Farewell Fayette County & Environs

Wednesday, 23 May 2012

I’m help­ing my moth­er move from my an­ces­tral demes­ne this week. I feel lit­tle sor­row re­gard­ing the move from this par­tic­u­lar home, the third of three I lived in when I lived in Fayette County; but a much deep­er sense of loss re­gard­ing cer­tain oth­er places that have sen­ti­men­tal val­ue to me. Of course, me be­ing I, they al­most all re­volve around food.

For lunch to­day, Abraham and I stopped at J’s Dairy Inn, lo­cat­ed in Liberty, IN. Since the pre­vail­ing wind is from the west, if you’re in Connersville and you spit, it’ll land in Union County. In ad­di­tion to be­ing the lo­ca­tion of J’s, it is al­so home to Whitewater Memorial State Park (the on­ly lake I’ve ever swum across), and the pret­ti­est girls per cap­i­ta of any­where I’ve ever been. I used to stop in at J’s semi-reg­u­lar­ly dur­ing my high school days, and quite reg­u­lar­ly when I worked as sum­mer help do­ing warehousing/​teamster work for E.W. Brockman Company. When they’d place an or­der I’d ba­si­cal­ly de­liv­er any and every pa­per good they’d use. The most de­li­cious greasy-spoon burg­ers, crispest crin­kle-cut fries, and most gi­gan­tic milk­shakes around. You could dri­ve from Connersville to Liberty, eat at J’s and get back to work in just bare­ly un­der an hour.

Dinner was from Lee’s Famous Recipe Chicken. Just a reg­u­lar fast food joint. Can’t hold a can­dle to the St. Gabriel’s Fried Chicken  din­ner at the Fayette County Free Fair, but it was the best fried chick­en in town oth­er­wise, and to my taste-mem­o­ry, no oth­er fast food fried chick­en will ever be the same. We ate our chick­en din­ner at Robert’s Park, home to the afore­men­tioned fair, de­mo­li­tion der­bies, har­ness rac­ing (and il­le­gal gam­bling), clas­sic car shows, and fre­quent cross-coun­try prac­tice des­ti­na­tion. In the pre-sea­son, we’d run past the dirt track, in­to the woods and go swim­ming in the Whitewater River.

Tomorrow will be Kunkel’s Drive-in for lunch. Tenderloin bas­ket with heavy mus­tard and a vanil­la coke. The cute girls al­ways worked at Dairy Queen, K-mart, or Kunkel’s in high school. I re­mem­ber sit­ting in the back of my dad’s van as a lit­tle kid and un­wrap­ping the smell of deep fried pork, the lat­er taste of mus­tard crust­ed in the cor­ner of my mouth. Pizza King for din­ner. Holiest of holies. St. Louis-style pie. Do you prefer west­side or south­side? It mat­ters. I’m a south­side feller, the over­sized gooey choco­late chip cook­ies and table­top ar­cade games as a boy, and its liquor li­cense as an adult. I spent more time at west­side though, where the teens hung out in my day. Dairy Twist for dessert, even if Abraham doesn’t eat his din­ner. I went there every evening one sum­mer for a large cher­ry milk­shake, try­ing to put on some weight, and nev­er had the con­fi­dence to ask out the girl who hand­ed them to me night af­ter night. Didn’t put on any weight ei­ther. Fencing in col­lege fi­nal­ly did that. Now, the fight is to keep it off. Just not this week.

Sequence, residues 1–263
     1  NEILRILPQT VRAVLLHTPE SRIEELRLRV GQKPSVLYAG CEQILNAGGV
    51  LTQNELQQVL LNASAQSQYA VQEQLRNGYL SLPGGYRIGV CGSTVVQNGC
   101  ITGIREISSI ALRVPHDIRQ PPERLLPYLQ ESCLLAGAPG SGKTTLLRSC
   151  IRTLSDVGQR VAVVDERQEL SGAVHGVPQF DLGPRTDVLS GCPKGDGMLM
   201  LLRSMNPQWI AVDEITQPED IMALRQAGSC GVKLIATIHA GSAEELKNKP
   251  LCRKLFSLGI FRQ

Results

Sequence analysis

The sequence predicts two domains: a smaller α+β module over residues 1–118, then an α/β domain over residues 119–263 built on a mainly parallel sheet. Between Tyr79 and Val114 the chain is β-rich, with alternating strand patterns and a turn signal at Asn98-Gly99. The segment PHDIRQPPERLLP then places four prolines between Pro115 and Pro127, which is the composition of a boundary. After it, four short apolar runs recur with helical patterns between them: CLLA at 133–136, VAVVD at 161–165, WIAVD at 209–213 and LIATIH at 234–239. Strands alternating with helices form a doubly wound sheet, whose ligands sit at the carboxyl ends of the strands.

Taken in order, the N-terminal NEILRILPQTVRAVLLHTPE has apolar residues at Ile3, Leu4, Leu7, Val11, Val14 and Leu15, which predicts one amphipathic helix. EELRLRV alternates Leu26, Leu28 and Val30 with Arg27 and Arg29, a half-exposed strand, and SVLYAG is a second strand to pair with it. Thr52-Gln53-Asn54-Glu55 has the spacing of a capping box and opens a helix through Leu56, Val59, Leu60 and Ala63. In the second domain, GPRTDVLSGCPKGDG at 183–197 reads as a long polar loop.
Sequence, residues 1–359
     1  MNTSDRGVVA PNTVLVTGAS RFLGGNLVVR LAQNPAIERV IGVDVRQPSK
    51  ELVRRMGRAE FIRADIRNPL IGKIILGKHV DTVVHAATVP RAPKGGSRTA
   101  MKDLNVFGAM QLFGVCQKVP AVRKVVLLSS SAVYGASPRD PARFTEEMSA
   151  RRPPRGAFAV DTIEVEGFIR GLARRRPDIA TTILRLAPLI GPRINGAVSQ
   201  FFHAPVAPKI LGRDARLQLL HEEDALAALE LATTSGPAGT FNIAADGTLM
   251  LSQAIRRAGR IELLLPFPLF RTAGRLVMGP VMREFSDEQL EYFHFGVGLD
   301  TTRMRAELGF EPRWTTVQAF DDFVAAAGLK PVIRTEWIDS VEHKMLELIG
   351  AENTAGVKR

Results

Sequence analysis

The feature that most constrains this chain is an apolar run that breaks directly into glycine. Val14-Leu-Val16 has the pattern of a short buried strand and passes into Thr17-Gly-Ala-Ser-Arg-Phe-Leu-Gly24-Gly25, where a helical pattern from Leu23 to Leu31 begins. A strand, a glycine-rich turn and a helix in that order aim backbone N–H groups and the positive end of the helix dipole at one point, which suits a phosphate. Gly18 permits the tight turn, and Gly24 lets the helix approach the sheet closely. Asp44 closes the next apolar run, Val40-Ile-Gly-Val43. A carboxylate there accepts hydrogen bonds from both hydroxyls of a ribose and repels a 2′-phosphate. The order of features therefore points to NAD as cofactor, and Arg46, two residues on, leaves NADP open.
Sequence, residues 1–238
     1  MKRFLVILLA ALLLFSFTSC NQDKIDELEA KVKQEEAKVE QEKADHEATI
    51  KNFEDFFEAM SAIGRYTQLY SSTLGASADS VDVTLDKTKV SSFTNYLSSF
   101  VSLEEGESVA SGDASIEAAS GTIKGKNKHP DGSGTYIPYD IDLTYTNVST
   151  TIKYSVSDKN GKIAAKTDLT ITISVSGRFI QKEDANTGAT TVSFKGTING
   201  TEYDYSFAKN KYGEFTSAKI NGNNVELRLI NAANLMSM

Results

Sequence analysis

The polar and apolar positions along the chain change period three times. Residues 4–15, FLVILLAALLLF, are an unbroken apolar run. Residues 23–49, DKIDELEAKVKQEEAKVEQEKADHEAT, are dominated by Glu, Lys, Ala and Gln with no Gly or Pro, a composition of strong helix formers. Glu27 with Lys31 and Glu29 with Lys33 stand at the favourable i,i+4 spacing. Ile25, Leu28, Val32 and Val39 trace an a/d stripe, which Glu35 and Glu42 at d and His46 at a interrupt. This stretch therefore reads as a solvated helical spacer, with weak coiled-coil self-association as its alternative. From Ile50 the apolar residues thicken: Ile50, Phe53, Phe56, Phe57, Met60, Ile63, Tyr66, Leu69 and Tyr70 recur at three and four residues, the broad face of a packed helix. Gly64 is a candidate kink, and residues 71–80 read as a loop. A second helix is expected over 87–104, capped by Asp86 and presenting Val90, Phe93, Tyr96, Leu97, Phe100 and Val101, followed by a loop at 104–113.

I’ll still have the mem­o­ries of be­ing perched on the hill at 514 Franklin Street, over­look­ing the whole city and feel­ing like a trip-step would send me sprawl­ing on­to St. Gabriel’s steeple. But I won’t be dri­ving past that house any­more. I’ll still have mem­o­ries of the house on Stoneybrook Lane, the en­tire days spent in William’s Creek, swing­ing on grape vi­nes, socks cov­ered in bur­docks, be­ing forced to strip out­side and be cold-hosed off be­fore even be­ing al­lowed near the house. But I won’t be near that creek again. I’ll still have mem­o­ries of rolling up to­ward Richmond with the boys, 45 min­utes to the near­est movie the­ater, the back­road route, Pennville to Pottershop, late night truck stop stop for the Night Owl Special: a plat­ter of bis­cuits and gravy for $2.00. Now just a 10 min­ute stretch on I-70 as I bar­rel to­ward Indianapolis.

I’ve hat­ed on Connersville in my day. Even wrote a let­ter to the ed­i­tor on­ce up­on a time. But it’s a great place to raise a kid, and the grow­ing-up-to-hate-it-and-leav­ing is kind of nec­es­sary; if we didn’t drift away like dan­de­lion fluff, Connersville wouldn’t be Connersville. Water flows away from the spring to nour­ish oth­er ar­eas.